Plus, ibuprofen can interfere with a long list of medicines. If you’re on one of these medicines, talk to your doctor about what other pain relievers you can use instead of ibuprofen.

You should talk to your doctor before taking ibuprofen if you:

  • Have heart disease.
  • Have had a heart attack or stroke.
  • Have a parent or sibling who has heart disease.
  • Have a parent or sibling who suffered a heart attack or a stroke.
  • Smoke.
  • Consume high amounts of alcohol.
  • Have high cholesterol.
  • Have had stomach bleeding or a stomach ulcer.
  • Have high blood pressure.
  • Have swelling in your hands, arms, feet, ankles, or lower legs.
  • Have lupus.
  • Have asthma or allergies.
  • Have a liver or kidney problem.
  • Have Crohn’s disease or ulcerative colitis.
  • Currently have chicken pox or shingles.
  • Recently had heart surgery or will have heart surgery in the next week.
  • Live with diabetes.
  • Are 65 or older.
  • Are pregnant or trying to get pregnant. Ibuprofen can pose a risk to the fetus or cause delivery problems if taken at or after 20 weeks of pregnancy.
  • You are unsure if ibuprofen is safe based on your health issues or medicines.

If you meet one of the above criteria, your doctor may tell you not to take ibuprofen. Or your doctor may advise you to take a lower dose than the maximum dose or take it for a shorter period. Your doctor may also give you medicine to reduce your risk of stomach ulcers.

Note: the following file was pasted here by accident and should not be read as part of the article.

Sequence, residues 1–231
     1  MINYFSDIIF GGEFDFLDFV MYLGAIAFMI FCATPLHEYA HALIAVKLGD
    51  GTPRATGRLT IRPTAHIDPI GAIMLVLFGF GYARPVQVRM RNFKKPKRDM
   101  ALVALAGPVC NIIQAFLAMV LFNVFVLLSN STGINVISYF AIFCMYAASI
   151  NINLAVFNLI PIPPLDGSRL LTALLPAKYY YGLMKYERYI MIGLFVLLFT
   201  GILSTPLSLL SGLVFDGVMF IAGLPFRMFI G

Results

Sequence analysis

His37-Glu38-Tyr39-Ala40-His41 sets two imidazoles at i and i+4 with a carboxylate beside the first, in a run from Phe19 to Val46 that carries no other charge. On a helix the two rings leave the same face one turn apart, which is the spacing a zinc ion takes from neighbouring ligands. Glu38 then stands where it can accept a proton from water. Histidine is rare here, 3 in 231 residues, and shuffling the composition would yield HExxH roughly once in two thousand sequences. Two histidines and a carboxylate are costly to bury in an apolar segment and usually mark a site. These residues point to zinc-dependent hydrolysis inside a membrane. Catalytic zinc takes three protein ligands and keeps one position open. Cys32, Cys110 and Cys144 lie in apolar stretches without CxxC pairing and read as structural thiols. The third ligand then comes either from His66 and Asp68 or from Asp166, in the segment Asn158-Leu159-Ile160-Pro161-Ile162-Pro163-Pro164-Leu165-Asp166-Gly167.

Can You Overdose on Ibuprofen?

Many people can take large amounts of ibuprofen at one time and not suffer serious problems. Ibuprofen overdose is less dangerous than acetaminophen overdose. But it can still cause serious health issues and rarely be fatal.

Many people who overdose on ibuprofen don’t experience symptoms. But they may still need treatment and fluids to avoid organ damage. If you have taken too much ibuprofen, call poison control at 1-800-222-1222 or visit the nearest emergency department.

Signs and symptoms of ibuprofen overdose usually occur four hours after taking too much. They include:

  • Stomach pain.
  • Agitation.
  • Difficulty breathing.
  • Dark, tarry stools from bleeding in the digestive tract.
  • Blue lips or fingertips.
  • Loss of appetite.
  • Yellowish skin and eyes.
  • Cold or clammy skin.
  • Dizziness.
  • High blood pressure.
  • Sleepiness.
  • Little urination.
  • Memory loss.
  • Nausea and vomiting.
  • Low heart rate.
  • Seizures.

Know the Signs of Stomach Ulcers

Ibuprofen affects a protein that helps make mucus lining the stomach. Because ibuprofen can thin the stomach’s mucus lining, people who take the drug have a higher risk of stomach ulcers. The risk increases with higher ibuprofen dosages, long-term usage, or both.

Signs of stomach ulcers include:

  • Burning pain in the stomach.
  • Bloating.
  • Burping.
  • Heartburn.

When ulcers tear, they can cause serious internal bleeding that can be fatal. If you have any of the following signs of a perforated ulcer, go straight to the emergency department:

  • Severe abdominal pain.
  • Vomiting a coffee grounds-like substance.
  • Black, tarry stools.

Allyson Chiu. Ibuprofen and ulcers: What Rep. Debbie Dingell's emergency surgery can teach us. Washington Post. Link

American Academy of Pediatrics. Ibuprofen Dosing Table for Fever and Pain. Link Ibuprofen dosage. Link Can you overdose on ibuprofen? Link

Drs. Muhammed Ershad, Muhammad Atif Ameer, and David Vearrier. Ibuprofen Toxicity. StatPearls. Link

Medscape. Ibuprofen. Link

National Library of Medicine. Ibuprofen. Link

Dr. Daniel Solomon. Patient education: Nonsteroidal antiinflammatory drugs (NSAIDs) (Beyond the Basics). UpToDate. Link